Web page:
LONDON — The circular economy is whirling ever faster in Britain where the big luxury retailers are making more space for resellers, luxury rental and repair — and charity shop merchandise — alongside their freshly delivered designer collections.
Mixing up the old, new, borrowed (and occasionally blue) is no longer the preserve of brides, but of anyone strolling through the doors — or around the websites — of Selfridges, Harrods, Harvey Nichols and Liberty this fall.
According to Mintel’s report, Fashion and Sustainability, U.K. 2021, more people have rented fashion items this year than last, “with the pandemic helping to accelerate the demand for a more circular fashion economy. Initiatives such as rental services, reselling and recycling fashion items, are appealing to eco-conscious shoppers.”
On Sept. 6, Selfridges, which has been at the forefront of circular sales, is bringing back its Oxfam pop-up shop, curated by the British editor and stylist Bay Garnett, for an encore — and for a longer period of time.
Garnett is stocking the space with pieces by Jean-Paul Gaultier, Yves Saint Laurent and Ossie Clark in addition to ’70s vintage, denim, tweed and sheepskin pieces. Garnett has also slipped a selection of bags, hats and blankets from Oxfam’s warehouse and charity shops into the mix.
This year’s pop-up will be open for three months on the third floor of Selfridges Oxford Street. The space is larger and has been done up in high-gloss white with neon green carpeting, glass cases and an ultra-luxe feel. Garnett has also tapped a series of other creatives to curate rails of clothing during the three-month run.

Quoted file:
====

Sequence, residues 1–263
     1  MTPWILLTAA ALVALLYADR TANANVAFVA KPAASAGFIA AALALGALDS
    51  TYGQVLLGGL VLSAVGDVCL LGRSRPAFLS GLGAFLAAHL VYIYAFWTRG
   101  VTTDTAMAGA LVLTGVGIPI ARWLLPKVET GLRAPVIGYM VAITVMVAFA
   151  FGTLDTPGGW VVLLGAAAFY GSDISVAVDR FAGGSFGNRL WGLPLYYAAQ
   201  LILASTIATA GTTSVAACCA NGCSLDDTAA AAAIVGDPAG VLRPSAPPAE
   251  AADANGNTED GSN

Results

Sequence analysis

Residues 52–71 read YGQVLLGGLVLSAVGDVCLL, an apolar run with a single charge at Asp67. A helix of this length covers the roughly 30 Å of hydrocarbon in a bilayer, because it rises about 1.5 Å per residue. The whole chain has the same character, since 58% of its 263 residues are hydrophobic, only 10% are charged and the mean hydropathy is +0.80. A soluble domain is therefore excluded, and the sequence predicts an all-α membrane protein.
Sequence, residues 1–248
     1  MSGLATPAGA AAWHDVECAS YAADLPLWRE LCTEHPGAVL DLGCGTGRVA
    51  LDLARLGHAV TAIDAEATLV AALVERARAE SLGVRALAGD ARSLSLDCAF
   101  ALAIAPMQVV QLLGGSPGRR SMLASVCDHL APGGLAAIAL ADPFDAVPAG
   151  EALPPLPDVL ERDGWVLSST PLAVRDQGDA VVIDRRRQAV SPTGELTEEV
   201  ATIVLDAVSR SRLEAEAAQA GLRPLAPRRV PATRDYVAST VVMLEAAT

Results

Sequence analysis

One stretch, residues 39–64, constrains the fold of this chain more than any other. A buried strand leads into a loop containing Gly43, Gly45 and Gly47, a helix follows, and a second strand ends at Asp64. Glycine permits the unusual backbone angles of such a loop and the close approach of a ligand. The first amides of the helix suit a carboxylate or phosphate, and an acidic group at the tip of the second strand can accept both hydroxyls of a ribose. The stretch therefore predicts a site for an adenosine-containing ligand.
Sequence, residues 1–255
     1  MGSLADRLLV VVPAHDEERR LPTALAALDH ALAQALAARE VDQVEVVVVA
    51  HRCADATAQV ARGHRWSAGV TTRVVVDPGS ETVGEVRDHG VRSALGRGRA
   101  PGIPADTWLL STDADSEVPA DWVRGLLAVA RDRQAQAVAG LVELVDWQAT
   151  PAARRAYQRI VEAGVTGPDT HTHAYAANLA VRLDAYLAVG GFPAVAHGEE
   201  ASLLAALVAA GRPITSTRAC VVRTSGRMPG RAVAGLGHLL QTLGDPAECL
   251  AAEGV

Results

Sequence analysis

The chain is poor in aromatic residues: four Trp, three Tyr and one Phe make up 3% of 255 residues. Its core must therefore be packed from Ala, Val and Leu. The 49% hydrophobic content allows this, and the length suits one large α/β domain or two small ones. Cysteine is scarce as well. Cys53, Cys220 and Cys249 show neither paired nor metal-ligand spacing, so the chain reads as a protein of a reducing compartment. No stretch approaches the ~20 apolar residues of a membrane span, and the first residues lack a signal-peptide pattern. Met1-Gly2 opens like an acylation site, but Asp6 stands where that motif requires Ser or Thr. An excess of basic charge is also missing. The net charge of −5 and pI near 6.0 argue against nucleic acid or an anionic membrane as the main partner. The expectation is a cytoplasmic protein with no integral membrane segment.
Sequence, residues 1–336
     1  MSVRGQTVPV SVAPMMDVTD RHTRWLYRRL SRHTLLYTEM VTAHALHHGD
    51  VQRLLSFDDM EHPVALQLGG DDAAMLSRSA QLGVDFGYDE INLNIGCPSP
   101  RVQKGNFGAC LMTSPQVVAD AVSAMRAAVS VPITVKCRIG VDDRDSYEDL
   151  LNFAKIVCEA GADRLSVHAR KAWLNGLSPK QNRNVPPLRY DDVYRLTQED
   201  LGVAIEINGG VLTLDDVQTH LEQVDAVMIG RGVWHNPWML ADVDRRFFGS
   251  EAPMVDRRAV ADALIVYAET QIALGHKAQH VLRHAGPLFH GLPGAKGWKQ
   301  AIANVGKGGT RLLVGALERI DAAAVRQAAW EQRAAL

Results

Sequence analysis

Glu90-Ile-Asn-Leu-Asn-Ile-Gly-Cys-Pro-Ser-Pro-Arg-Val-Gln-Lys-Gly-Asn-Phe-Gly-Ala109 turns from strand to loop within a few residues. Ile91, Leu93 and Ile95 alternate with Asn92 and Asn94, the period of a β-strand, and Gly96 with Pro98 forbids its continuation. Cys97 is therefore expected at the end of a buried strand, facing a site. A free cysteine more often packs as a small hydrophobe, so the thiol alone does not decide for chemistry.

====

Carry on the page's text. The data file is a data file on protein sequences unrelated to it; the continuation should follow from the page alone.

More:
Oxfam, which was founded in Oxford and is now headquartered in Nairobi, Kenya, is an umbrella group for a variety of charities working to alleviate global poverty. It is also one of the largest retailers in the U.K. via its network of charity shops selling clothing, books and vinyl records, among other items.
To mark the opening, James Lacey of Pointless Illustrations has designed a collection of one-off T-shirts. Other T-shirts feature an image of Sienna Miller wearing clothes from the pop-up. All of the T-shirts have been created with existing Oxfam stock.
The shop is part of Oxfam’s annual secondhand September campaign, and dovetails with Selfridges’ growing enthusiasm for rental and resale services, part of its Project Earth sustainability commitments.
Last month, at the Corner Shop, Selfridges opened Resellfridges: The Wedding, a five-week pop-up stocking pre-loved designer dresses and accessories, upcycled men’s wear suits and vintage wedding rings. It is also offering wedding rental services.
Sebastian Manes, Selfridges’ executive buying and merchandising director, said, “This year more than ever, our customers are being more considered in how they live and shop and weddings are no exception. We continue to explore circular models through Project Earth.”
In Knightsbridge, Harvey Nichols has this week made way for Reflaunt, a tech platform that works directly with fashion retailers. Reflaunt says it has 50 million shoppers across a network of 25 international marketplaces.